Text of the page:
33. 33. ‘We enter this debate as a full co-legislator to shift the focus of cohesion policy from stability to growth’, said the European Parliament’s Regional Development Committee chair Danuta Hübner, in October 2011 as she opened the inter-parliamentary meeting with MEPs, their national counter- parts, the European Commission and the Council of Ministers. Seven rapporteurs were appointed in the REGI and Employ­ ment and Social Affairs (EMPL) committees to oversee the complex negotiations that would take place over the follow- ing two years. Two ‘lead rapporteurs’, Lambert van Nistelrooij (EPP, NL) and Constanze Krehl (SD, DE), helped ensure the political support of the two largest political groups. ▶▶Pre-legislative political dialogue between the European Parliament and the European Commission took place before October 2011. This helped clarify the key political issues and facilitate discussion at the political level. The ‘Working party on future cohesion policy’ was set up as the Parliament’s main informal forum for debate. It resulted in many meetings, consultations, and public hearings with concerned parties: NGOs, civil society, regional organisations, etc. This open procedure helped incorporate the views of the different parties. ▶▶In July 2012 the European Parliament agreed its nego- tiating position for the legislative package of reform pro- posals. More than 3 000 amendments had been tabled to the Commission legislative proposals. ▶▶‘Trilogue’ discussions took place between the Parliament, the Council and the Commission. About 100 meetings were needed to reach an agreement on the draft regulations. ▶▶In November 2013 the Parliament’s Regional Development Committee endorsed the deal struck with the Council pav- ing the way for the EUR 351.8 billion investment policy for EU regions to come into force on time. Danuta Hübner who chaired all the negotiating meetings with Council from 2012 said that ‘After more than a year of negotiations with the Council and the Commission, we have been able to agree to a reform of EU regional policy which focuses investment on key areas for growth and jobs as outlined in the Europe 2020 strategy through a common set of rules which apply to all EU Funds, thus leading to consid- erable simplification’. What remains to be done? The Parliament, through its competent committees, must now take a position regarding the Delegated acts. The European Commission has already adopted the first and one of the most important one: the European Code of Conduct on partnership, which lays down the conditions for the involvement of part- ners in the preparation and implementation of 2014-2020 Partnership Agreements and programmes. The Parliament’s REGI secretariat participates in the pre- paratory experts meetings and is regularly in contact with the Commission’s DG for Regional and Urban Policy. What is Parliament’s role in the implementation of the policy? One of the main functions of Parliament is to exercise scru- tiny, mainly through its parliamentary committees which oversees the implementation of the policy. The particularity of cohesion policy is that it is implemented in shared man- agement by a European body, the Commission, and the Member States through national, regional and local admin- istrations. Thus the scrutiny of the policy by Parliament concerns not only the European Commission but also the other bodies – even if under the Treaty only the Commission is responsible before Parliament. Improving the scrutiny and evaluation of the policy in this broader context is therefore the challenge for the REGI committee. ▶FIND OUT MORE HOW FAR WAS THE CONTRIBUTION OF EUROPEAN REGIONAL ORGANISATIONS TAKEN INTO ACCOUNT? European local and regional organisations have played an important role throughout the pre-legislative and legislative process during the past two and half years. These organisations have contributed through position papers and presentations before the REGI Committee and have had productive relations with the Chair and the rapporteurs. Their views have been fully taken into consideration by the committee. These stakeholders are an important source of information for the European Parliament and it is of great importance to receive their views and contributions. ▶  33 panorama [WINTER 2013 ▶ NO 48]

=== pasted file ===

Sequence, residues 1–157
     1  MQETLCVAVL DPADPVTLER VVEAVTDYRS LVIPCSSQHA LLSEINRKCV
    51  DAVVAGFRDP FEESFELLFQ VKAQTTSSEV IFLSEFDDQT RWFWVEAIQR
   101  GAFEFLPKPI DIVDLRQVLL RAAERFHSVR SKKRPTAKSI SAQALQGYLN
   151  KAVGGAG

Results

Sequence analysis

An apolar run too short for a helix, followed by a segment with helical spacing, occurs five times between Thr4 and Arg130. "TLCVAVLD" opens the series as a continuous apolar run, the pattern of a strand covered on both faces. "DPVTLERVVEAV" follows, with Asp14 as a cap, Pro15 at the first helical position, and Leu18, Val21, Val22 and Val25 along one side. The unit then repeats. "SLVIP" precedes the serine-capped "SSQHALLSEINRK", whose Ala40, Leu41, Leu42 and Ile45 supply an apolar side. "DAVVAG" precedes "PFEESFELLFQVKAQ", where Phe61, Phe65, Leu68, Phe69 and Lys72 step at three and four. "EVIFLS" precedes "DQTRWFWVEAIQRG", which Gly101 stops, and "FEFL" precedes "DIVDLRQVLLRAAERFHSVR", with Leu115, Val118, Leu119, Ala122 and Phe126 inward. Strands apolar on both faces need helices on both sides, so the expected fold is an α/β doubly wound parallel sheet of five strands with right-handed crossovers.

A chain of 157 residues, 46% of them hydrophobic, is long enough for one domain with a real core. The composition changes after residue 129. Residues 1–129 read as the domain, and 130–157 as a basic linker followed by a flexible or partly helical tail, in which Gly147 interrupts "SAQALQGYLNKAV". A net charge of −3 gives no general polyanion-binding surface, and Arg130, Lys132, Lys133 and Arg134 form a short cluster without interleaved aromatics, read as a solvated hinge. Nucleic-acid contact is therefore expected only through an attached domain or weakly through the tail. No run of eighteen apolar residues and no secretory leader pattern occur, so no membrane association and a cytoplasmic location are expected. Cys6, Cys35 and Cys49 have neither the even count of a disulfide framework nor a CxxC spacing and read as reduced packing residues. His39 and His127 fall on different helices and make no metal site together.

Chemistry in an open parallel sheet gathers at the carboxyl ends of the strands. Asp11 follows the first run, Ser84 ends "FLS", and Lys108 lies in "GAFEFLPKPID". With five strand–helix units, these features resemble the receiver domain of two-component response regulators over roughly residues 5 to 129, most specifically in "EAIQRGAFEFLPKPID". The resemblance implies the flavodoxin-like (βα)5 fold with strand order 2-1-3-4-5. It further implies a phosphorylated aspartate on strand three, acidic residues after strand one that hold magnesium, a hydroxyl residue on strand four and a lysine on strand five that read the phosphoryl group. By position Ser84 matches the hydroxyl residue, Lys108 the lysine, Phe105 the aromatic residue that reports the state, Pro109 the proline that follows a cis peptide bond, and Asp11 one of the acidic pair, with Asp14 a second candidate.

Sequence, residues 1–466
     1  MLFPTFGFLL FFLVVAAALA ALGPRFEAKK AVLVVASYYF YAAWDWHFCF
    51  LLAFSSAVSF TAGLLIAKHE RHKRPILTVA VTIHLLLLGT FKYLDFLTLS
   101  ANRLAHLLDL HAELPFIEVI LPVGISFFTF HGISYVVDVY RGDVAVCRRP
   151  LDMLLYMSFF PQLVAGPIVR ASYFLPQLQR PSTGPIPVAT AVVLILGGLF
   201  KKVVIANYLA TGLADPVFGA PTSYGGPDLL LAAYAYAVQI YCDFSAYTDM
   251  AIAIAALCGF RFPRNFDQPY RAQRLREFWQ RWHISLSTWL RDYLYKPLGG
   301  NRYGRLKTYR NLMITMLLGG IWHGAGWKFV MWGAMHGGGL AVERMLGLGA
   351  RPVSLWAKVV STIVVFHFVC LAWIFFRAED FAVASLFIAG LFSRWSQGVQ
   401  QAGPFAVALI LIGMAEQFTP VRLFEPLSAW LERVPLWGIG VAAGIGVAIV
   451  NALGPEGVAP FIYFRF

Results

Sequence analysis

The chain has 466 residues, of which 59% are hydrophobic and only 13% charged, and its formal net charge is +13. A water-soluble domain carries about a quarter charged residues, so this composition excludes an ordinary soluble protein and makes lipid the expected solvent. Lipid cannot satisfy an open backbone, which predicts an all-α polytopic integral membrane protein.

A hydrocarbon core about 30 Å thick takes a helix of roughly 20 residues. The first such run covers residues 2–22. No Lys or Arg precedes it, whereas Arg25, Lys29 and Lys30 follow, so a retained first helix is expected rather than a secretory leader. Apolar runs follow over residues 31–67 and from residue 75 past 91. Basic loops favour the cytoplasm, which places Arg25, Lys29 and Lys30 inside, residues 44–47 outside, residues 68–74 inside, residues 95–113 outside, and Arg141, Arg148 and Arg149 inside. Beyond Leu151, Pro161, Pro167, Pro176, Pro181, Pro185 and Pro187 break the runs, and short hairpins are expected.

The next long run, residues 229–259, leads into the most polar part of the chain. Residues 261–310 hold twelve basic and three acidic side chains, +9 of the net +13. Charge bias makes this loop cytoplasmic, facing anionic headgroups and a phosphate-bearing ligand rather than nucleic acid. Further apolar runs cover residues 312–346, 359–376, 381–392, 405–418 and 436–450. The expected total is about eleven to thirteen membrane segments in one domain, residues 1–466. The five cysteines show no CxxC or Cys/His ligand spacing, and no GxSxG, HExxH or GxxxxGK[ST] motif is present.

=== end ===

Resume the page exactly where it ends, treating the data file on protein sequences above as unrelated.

34. 34. The idea of the performance reserve is actually a good one, but the key is how it will work in practice. Will projects still be innovative or inventive enough or will the standards be lowered only to reach certain goals in order to access the performance reserve? Furthermore, from my point of view the performance reserve is a subtle move by the Council to save money until the end of the programming period and I cannot support that. ▶Stimulating the economy In times of economic and financial crisis, cohesion policy is one of the most effective EU instruments to stimulate the economy, to secure sustainable employment and to support research and innovation. Those regions hit hardest by the crisis will also continue to benefit from an increased co- financing rate to foster growth and jobs. As in previous years, the less developed regions of the EU will remain the major funding priority; more than EUR 182 billion is committed to these regions. ▶Support for social goals With the new Regulation we are ensuring that sufficient investment is targeted at social issues. Four of the thematic priorities in the new Regulation are dedicated to the European Social Fund: supporting sustainable and quality employment; the promotion of social inclusion; investing in education; enhancing institutional capacity building. Furthermore, with the new Regulation we have introduced a fixed ESF quota – 23.1 % of the global resources have to be allocated to the Social Fund. This is a huge increase for many Member States and ensures the right level of support for the social dimension of cohesion policy. ▶▶SUPPORTING THE SOCIAL DIMENSION OF COHESION POLICY CONSTANZE KREHL Member of the European Parliament, Group of the Progressive Alliance of Socialists and Democrats, Member of the Committee on Regional Development (Co-Rapporteur Common Provisions Regulation) ▶Successful negotiations I am quite satisfied with the overall outcome of the nego- tiations surrounding the new Regulation. It meant two years of hard work, not only compiling these 3 000 amendments, but having also hundreds of meetings with my co-rapporteur Lambert van Nistelrooij and the Parliament’s negotiation team, as well as more than 90 Trilogues together with the Council and the Commission. Of course, there are issues on which I would have liked to see a different result and the institutions have not always been of the same opinion – but what we have agreed on is a sound compromise that will shape a successful and modern cohesion policy for the next seven years. ▶Macro-economic conditionalities Two contentious issues in the negotiations have been macro- economic conditionalities and the performance reserve. As a Social Democrat, I have always spoken against a macro- economic mechanism inside cohesion policy and I have mas- sively fought to eliminate it from the Regulation. Since the Commission and Council did not support our position, it is still part of the Regulation, but we have at least weakened the wording of the article immensely – which gives me hope this mechanism will never enter into force. Regions should not be blamed for the fiscal failure of the Member State. 34 panorama [WINTER 2013 ▶ NO 48]